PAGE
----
Steak au Poivre & Baked Potatoes

By • November 26, 2016 0 Comments

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Steak au Poivre & Baked Potatoes


Author Notes: We just got back from Thanksgiving weekend with family. We usually pick up a Neapolitan style pizza and salad for an easy dinner after trips home to the Midwest, but this particular weekend involved installing an engineered wood floor at my daughter's house (while simultaneously entertaining two toddlers). We deserved a simple meal that was miles ahead of pizza. The inspiration was a bottle of Wild Boar Cabernet Sauvignon from an enterprising Loudoun County, Virginia, winery - Stone Tower. They suggested that Steak au Poivre would complement the "elegant floral aroma...notes of lingonberry and ripe fig...and French oak, hints of cocoa, and roasted hazelnuts...." This meal of steak and potatoes was the perfect match for the delicious Cab Sav and a blissful end to an exceptionally hard-working weekend. Steak technique adapted from The New Best Recipe. chezjewels

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Serves 2

Sauce

  • 2 1/2 tablespoons unsalted butter, separated
  • 1 medium shallot, minced
  • 1 1/2 cups chicken broth
  • 1/4 cup sour cream
  • 1/4 cup Cognac (but I used cream sherry, lacking any Cognac)
  • 2 teaspoons Worcestershire
  • Salt to taste

Steak & Potatoes

  • 2 russet potatoes
  • 2 boneless ribeye steaks
  • crushed black & green peppercorns
  • olive oil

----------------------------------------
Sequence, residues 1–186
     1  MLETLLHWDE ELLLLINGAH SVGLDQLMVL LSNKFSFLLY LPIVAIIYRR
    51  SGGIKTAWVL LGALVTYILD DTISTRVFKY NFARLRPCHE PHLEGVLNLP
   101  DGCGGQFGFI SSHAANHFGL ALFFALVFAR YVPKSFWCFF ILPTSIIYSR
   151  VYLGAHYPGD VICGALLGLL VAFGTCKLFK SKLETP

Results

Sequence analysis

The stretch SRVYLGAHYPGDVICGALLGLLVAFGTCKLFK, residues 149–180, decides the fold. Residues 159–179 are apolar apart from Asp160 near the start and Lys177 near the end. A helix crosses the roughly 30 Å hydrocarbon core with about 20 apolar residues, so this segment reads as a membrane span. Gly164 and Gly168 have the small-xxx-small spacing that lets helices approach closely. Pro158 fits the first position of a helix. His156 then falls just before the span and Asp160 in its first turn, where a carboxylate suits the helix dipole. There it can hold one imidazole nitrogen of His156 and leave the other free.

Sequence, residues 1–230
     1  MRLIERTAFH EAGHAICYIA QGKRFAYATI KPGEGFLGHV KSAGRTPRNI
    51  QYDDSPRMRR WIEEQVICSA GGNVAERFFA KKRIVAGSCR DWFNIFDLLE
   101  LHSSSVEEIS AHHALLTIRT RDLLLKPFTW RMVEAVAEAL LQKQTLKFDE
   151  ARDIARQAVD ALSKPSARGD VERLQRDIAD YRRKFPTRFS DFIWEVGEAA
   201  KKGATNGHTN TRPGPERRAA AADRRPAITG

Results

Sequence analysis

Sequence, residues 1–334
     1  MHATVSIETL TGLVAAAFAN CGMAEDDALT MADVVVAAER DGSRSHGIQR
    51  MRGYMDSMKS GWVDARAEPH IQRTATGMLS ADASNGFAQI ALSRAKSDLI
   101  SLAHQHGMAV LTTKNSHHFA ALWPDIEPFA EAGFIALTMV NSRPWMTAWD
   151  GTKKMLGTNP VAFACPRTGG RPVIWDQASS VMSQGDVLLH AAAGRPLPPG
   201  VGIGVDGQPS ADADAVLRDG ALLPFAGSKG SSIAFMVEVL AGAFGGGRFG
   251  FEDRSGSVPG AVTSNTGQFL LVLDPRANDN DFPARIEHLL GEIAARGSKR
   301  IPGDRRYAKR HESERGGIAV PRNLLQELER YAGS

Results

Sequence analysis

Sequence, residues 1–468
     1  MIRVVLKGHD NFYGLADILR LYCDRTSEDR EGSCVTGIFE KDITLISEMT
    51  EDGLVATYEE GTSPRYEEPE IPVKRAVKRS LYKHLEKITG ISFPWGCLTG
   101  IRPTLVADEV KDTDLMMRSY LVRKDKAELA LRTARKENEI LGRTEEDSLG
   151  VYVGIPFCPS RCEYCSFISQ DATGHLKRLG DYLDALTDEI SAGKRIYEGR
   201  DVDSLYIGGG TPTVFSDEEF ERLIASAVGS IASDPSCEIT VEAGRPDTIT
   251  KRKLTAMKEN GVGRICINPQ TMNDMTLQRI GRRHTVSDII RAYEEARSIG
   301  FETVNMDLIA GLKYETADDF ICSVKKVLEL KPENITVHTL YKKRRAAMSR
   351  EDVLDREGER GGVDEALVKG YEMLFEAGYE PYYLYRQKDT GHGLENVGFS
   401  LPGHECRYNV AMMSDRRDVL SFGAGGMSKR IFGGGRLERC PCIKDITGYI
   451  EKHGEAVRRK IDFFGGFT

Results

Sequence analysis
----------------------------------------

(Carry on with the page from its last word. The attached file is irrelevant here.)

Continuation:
1. START THE POTATOES & STEAKS: Preheat the oven to 425. Sprinkle both sides of the steaks with salt; rub one side of each with a generous coating of crushed peppercorns and press the peppercorns into the steaks to make them adhere. Prick the potatoes a few times with a fork to allow the steam to escape as they bake. Slick the potatoes with the olive oil, then salt very well, preferably with a large, flaky sea salt. Put the potatoes on a foil-lined baking sheet and bake for about 50 minutes, until done and the potatoes offer no resistance when pricked by a fork.
  2. FOR THE SAUCE: Heat 1 tablespoon of the butter in a cast-iron skillet over medium heat. When the foaming subsides, add the shallot and cook, stirring occasionally, until softened abou 2 minutes. Add the chicken broth and Worcestershire, increase the heat to high, and boil until reduced to about 1/2 cup, about 8 minutes. Pour the reduced broth mixture into a heatproof bowl and wipe out the skillet.
  3. FOR THE STEAKS: Place the wiped skillet over medium heat. Lay the steaks unpeppered-side down in the hot skillet, increase the heat to medium-high, firmly press down on the steaks with the bottom of another pan, and cook without moving the steaks until they no longer stick to the pan. Flip the steaks, and cook about three minutes longer on the peppered side (for rare). Transfer the cooked steaks to a plate.
  4. TO FINISH THE SAUCE: Pour the reduced broth, sour cream, and Cognac/cream sherry into the now-empty skillet; increase the heat to high and bring to a boil, scraping the pan bottom with a wooden spoon to loosen the browned bits. Simmer until deep golden brown and thick enough to heavily cot the back of a table spoon, about 5 minutes. Off the heat, whisk in the butter, a chunk at a time, a splash more Cognac, and any accumulated meat juices. Salt to taste.
  5. Place the steaks and potatoes, spooning a bit of sauce over the steak. You'll probably have extra - but maybe not. You can detox tomorrow.

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